A months-long street renewal project is set to get underway on a major downtown artery this month in order to make way for the expected start of construction on the Ontario Line.

Work on the new subway line is expected to start in 2023 and will require the long-term closure of a stretch of Queen Street near the Eaton Centre.

Because of that work, streetcars will need to divert along Richmond and Adelaide between York and Church streets for at least five years.

Starting this month, the city will begin the work of reinstalling streetcar tracks on Adelaide between Charlotte and York streets so that can happen.

It is essentially the first of what could be a series of disruptions for downtown residents as part of work on the 15.6-kilometre Ontario Line.

At the same time, the city will replace an ageing hundred-year-old watermain which runs along Adelaide between York and Victoria streets.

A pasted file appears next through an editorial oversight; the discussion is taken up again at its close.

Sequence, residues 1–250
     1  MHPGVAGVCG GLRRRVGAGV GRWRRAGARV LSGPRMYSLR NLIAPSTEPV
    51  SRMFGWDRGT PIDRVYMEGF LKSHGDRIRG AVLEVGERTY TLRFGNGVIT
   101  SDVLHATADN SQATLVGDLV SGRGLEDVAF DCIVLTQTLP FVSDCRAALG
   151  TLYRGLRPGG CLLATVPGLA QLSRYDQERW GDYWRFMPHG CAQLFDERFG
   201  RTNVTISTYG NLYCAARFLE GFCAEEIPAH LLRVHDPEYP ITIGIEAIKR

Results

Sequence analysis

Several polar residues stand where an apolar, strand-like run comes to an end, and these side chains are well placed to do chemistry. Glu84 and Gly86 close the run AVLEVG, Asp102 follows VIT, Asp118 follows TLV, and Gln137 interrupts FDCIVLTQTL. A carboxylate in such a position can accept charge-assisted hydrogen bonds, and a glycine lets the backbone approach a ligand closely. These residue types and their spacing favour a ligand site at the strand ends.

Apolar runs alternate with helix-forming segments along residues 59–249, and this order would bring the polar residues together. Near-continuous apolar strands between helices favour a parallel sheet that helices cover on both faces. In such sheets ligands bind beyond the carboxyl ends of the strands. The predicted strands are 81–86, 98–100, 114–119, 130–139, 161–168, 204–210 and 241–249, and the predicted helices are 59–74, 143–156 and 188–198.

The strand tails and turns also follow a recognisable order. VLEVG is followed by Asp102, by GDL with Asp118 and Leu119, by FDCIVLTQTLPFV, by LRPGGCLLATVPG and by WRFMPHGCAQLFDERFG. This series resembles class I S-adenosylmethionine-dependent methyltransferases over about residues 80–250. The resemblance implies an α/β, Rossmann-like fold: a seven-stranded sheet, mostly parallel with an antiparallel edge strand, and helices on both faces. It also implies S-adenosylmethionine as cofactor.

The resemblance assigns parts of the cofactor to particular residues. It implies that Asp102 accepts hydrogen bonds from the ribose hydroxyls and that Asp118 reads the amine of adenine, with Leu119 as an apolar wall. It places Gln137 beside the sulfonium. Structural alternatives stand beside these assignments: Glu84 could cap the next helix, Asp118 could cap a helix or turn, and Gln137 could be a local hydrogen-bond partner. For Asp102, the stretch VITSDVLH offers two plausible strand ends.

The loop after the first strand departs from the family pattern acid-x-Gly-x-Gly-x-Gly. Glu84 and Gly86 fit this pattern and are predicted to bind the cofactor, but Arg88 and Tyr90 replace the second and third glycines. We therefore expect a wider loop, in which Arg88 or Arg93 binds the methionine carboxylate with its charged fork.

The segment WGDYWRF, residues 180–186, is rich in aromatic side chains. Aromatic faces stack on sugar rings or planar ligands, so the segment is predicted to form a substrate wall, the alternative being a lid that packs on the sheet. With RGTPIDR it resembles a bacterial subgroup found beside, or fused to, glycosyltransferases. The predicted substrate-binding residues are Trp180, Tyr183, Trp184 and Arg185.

The cycle track on Adelaide will also be moved from the south to the north side of the street between Bathurst and Parliament streets in order to reduce the need for cyclists and commercial vehicles to share space in that area.

Work is expected to run for four to five months, wrapping up in December.

Once construction starts, travel lanes will be reduced to one shared eastbound lane on Adelaide Street within the active work zones. Cyclists who wish to continue through the work area will need to merge with vehicular traffic in those zones or dismount and walk.

According to the city, work will take place 24 hours seven days a week in order to expedite the project.

The noisiest work, concrete breaking, will occur between 7 a.m. and 11 p.m. and is expected to last for the first few days of each phase of construction.

Adelaide Work


While many residents might wince when they hear about construction, Spadina Fort York Councillor Joe Mihevc says such projects are in fact a sign of a healthy city.

“The only thing worse than all this development happening is that it doesn't happen,” Mihevc told CP24.com in an interview.